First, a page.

Profile - Richard Vasey

 
Richard Vasey - Fly Half - Born 1985 (31 January) Former England Students fly half joins Moseley for 2008/09. Previous Clubs: Morley, Leeds Carnegie. Richard joined Leeds from Morley and made his 1st XV debut in 2005 coming off the bench against Newcastle Falcons in the Powergen Cup. He has made a total of 27 appearances for Leeds Carnegie. Last season his 1st XV opportunities were limited by the arrival of Alberto Di Bernado from Cornish Pirates and he only featured in two 1st XV matches. He was however the teams leading scorer in the Guinness A league.

Weight: 85kg (13st 4lbs)
Height: 1.78m (5ft 10in)
 

Programme Profile - October 2008 - Richard Vasey

Richard Vasey joined Moseley in the close season from Leeds Carnegie, for whom he made twenty-seven appearances, almost all at fly half. Last season, however, his opportunities in the Premiership were limited by the arrival of Alberto Di Bernardo from Cornish Pirates. Nevertheless, he was the leading scorer for Leeds in the Guinness ‘A’ League.

Richard, who was a former England Students fly half (05/06 & 07/08), joined Leeds from Morley in 2005, when he was twenty, so Moseley is the first club he has played for outside the West Riding of Yorkshire. He weighs 13st 4lbs and is 5ft 10in (1.78m) tall.

A Yorkshireman to his fingertips, Richard was born in Leeds in January 1985, but brought up in Wakefield. He was educated at his local secondary school before entering the sixth form of Silcoates School, from where he went on to Leeds Metropolitan University to take a degree in Accountancy & Finance. It is there that he met his girl friend, Caroline Reed from Bristol, who was reading Sports Development. She has followed Richard to Birmingham and they are living in Selly Oak. Richard has joined Moseley’s schools coaching programme and has settled in well.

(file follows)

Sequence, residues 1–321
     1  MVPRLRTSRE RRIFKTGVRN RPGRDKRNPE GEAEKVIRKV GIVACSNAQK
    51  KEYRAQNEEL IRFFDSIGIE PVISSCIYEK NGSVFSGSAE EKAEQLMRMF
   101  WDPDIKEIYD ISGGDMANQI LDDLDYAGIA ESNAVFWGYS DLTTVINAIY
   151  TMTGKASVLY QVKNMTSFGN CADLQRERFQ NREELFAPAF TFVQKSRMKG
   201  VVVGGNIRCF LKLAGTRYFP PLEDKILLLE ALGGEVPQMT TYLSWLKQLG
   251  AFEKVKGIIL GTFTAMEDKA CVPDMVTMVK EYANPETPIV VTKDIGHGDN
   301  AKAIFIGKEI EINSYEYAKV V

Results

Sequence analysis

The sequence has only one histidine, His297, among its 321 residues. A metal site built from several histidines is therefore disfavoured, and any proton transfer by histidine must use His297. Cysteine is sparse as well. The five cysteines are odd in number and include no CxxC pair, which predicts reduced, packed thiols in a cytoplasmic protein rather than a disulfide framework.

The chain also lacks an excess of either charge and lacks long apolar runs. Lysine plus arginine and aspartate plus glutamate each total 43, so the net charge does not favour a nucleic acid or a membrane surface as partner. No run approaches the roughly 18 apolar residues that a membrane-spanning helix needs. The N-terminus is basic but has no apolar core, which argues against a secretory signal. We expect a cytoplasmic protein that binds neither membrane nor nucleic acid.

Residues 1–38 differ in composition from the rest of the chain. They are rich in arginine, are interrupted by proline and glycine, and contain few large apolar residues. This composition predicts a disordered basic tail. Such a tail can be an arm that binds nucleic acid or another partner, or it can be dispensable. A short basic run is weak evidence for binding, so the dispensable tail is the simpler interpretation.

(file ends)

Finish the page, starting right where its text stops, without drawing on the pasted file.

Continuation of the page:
Having played in the Premiership, Richard is in a good position to take a view on comparative standards. He senses that the fully professional sides in National League One are close to the average Premiership side but, as Moseley would confirm, there is a significant, and perhaps widening, gap between the full time sides at the top of League One and the remainder.

Richard has been a key member of Moseley’s Experimental Law Variations Working Group and I asked him what difference the new laws have made to his game as a fly half.

He confessed that they gave him a lot to think about at the start of the season and that the rule change with the most impact on him is not being able to kick the ball out on the full after it has been passed back into the 22. Before the change, relieving pressure was a lot easier. Now, many kicks have to go longer, looking for space to set up a kick chase, as opposed to finding touch on the full. Richard commented that, while the new rule was introduced to reward more running rugby from deep, it has led to a lot more ‘kick tennis’ between the two teams, rather than having the desired effect.

The new five metre defensive line rule also affects fly halves. It was introduced to give the attacking team more space and time to breach well organised defences. In reality it has led to more ‘pick-up and go (s)’ from the base of the scrum, with the No. 8 having more space to get up a head of steam and gain easy ground. On a positive note, however, he believes that the introduction of the quick line-out throw has had a good effect and is adding a lot more tempo to the game.

Richard has made a quite outstanding start with his goal kicking. In the four league matches he kicked thirteen penalties/conversions and only missed one, an incredible success rate of 93%. One rugby press reporter termed it ‘world class’. While the subsequent two games reduced this to an overall nineteen penalties/conversions with six misses, this is still a highly impressive 76% success rate. Long may he continue in this vein!

After he hangs up his boots, Richard hopes to use his degree to enter one of the professional accountancy firms and train to become a Chartered Accountant. In the meantime he intends to use his proximity to Birmingham University to broaden his horizons beyond merely cricket and rugby league.

 

 

 

 

 

 

 

 

 

 

 

 

 

 

 

 

 

 

 

 

 

 

 

 

 

 

 

 

 

 

 

 

 

 

 

 

 

 

 

 

 

 

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